It was just a little over a year ago when I was yelling at Raleigh to figure out what kind of startup hub it wanted to be. What had taken place up to that point was a lot of noise, a little traction, and too many comparisons to what was going on in Durham.

After an article I wrote calling for an end to Raleigh vs. Durham and a renewed focus on Raleigh vs. Raleigh, I got invited to a lot of meetings. These were reassuring, in terms of what was to come – although, even as recently as last May, nothing firm was in place.

How things have changed.

Although it may seem like it, the two recent announcements of startup spaces in downtown Raleigh – American Underground’s third location at 213 Fayetteville Street and HQ Raleigh’s move and expansion into the warehouse district – did not come about overnight. A lot of thought went into what were first-and-foremost huge business decisions.

Those decisions were also made with the entire Triangle in mind, long before whispers about the need to combine forces became a chorus. And a year later, it seems like – finally – everyone is on board.

Payoff: It’s not about Raleigh or Durham anymore. It’s about the Triangle.

A Hub in Raleigh

A handful of those initial “What is Raleigh?” conversations were with Brooks Bell, a longtime Raleigh entrepreneur who was putting the final touches on HUB Raleigh, which would eventually become HQ Raleigh.

Brooks was and continues to be a huge proponent of the Triangle as a top-5 startup hub. It’s obvious when you talk to her, and the mission isn’t just about the physical space. From the beginning, she’s had community, recognition, and awareness of the region in mind. And she hasn’t just been thinking about it, she’s been acting.

Brooks, along with her husband, Jess Lipson, founder of Sharefile (now part of Citrix), seeded a good chunk of the $350,000 investment to get HQ Raleigh off the ground. They also spent a lot of time and sweat equity forging partnerships and bringing attention to what was a fledgling downtown Raleigh startup scene.

Said Brooks at the unveiling of HUB Raleigh last August:

“Venture capitalists in California, they don’t really look at the Triangle as a hotbed of entrepreneurial activity. There’s not a lot of buzz. We have all the elements that we need for this area to be a hotbed, but we haven’t connected.”

And it wasn’t just the connections within the urban centers of Raleigh or Durham that needed fixing. If anything, those were the easy fixes. It was the connections between the cities that were the larger and more pressing issue.

So in addition to physical space, HQ Raleigh began offering programs for entrepreneurs throughout the Triangle, including education, office hours, and events. These community memberships remain a big part of HQ Raleigh, and startups as far away as Chapel Hill have signed up to be a part of that resource funnel.

An Evolution in Durham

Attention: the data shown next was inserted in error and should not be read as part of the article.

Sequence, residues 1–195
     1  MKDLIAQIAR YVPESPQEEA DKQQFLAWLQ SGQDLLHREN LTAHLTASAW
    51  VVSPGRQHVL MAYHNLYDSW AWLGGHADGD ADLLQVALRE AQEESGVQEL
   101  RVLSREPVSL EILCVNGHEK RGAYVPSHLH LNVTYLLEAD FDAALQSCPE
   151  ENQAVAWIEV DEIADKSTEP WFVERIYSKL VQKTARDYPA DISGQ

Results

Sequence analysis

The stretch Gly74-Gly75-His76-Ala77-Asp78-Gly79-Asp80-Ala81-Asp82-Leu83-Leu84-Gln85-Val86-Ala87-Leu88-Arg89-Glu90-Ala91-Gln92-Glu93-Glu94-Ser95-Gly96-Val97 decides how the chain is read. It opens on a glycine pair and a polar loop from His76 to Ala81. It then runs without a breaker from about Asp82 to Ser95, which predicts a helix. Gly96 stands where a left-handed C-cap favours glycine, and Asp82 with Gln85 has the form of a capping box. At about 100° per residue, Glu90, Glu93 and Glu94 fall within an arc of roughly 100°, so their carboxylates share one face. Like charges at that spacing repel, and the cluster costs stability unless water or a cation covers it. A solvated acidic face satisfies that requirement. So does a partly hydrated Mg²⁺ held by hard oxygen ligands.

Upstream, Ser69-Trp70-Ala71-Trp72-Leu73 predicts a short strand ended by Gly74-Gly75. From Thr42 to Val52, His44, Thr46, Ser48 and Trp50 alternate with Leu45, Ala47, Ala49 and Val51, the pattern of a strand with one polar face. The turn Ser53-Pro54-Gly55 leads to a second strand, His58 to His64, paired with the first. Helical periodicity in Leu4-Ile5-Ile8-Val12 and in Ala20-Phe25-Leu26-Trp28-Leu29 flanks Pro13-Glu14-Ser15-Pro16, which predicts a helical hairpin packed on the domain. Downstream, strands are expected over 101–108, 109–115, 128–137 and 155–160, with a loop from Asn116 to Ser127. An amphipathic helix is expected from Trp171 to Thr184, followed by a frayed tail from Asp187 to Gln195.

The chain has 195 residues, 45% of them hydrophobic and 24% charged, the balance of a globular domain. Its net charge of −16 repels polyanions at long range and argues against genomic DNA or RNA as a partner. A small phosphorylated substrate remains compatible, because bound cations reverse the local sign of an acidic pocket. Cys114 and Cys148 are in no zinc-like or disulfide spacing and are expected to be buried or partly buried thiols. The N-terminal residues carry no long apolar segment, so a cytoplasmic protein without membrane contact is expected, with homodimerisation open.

Around the same time HQ Raleigh was spinning up, American Underground hired Adam Klein away from the Durham Chamber to be their Chief Strategy Officer. In July of 2012, he and I talked about how his philosophy at the Chamber would translate into the private sector.

We also talked about expansion – specifically, how American Underground was evolving from a single, localized Durham effort to a regional play. Plans were already underway for new locations, and Adam was envisioning eventually housing what seemed like too many startups at a point in time that was a long way off.

“We need to set a goal, something like 200 startups in downtown Durham by 2015. We’ve got 80 downtown today, but a number like 200 gets the conversation going at a national level.”

That’s what he said in November at the announcement of Underground @Main, the new space on Main Street in Durham that officially opened last month. He also spoke of programming to attract an even bigger audience at an even earlier stage.

With Underground @Raleigh this fall, they’ll add the concept of the regional desk, an additional level of membership that allows members to use facilities at any of the three locations on an irregular basis. The Underground has also hosted everything from Startup Bus to their own Hackathons this year.

One Home

I’ve founded or worked for 10 startups over my career – in Raleigh, Durham, and Chapel Hill. I live in Chapel Hill, work in Durham, and usually make at least half-a-dozen business-related trips to Raleigh each month. Three years ago, my largest client was in downtown Raleigh, requiring me to be there at least four days a week. Before that, I lived inside the beltline and worked at a startup in Chapel Hill.

For the record – East in the morning and West in the evening is the lighter traffic hassle.

My point is, to me, it’s been “the Triangle” for years. And it isn’t just my view. As Adam pointed out the last time we talked:

“It was eye-opening when I was in Doha for the Smoffice competition. The Triangle was the known brand, and it carries weight – on an international scale. If we’re going to be serious about moving this ecosystem forward and become a top tier place for startups, it’s got to be a Triangle initiative, to give startups a broader and deeper access to the resources in both cities.“

We’ve come a long, long way in a year, and these two new startup spaces in downtown Raleigh are a big indicator of that progress.

Editor’s note: Joe Procopio is a serial entrepreneur, writer, and speaker. He is VP of Product at Automated Insights and the founder of startup network and news resource ExitEvent. Follow him at @jproco or read him at http://joeprocopio.com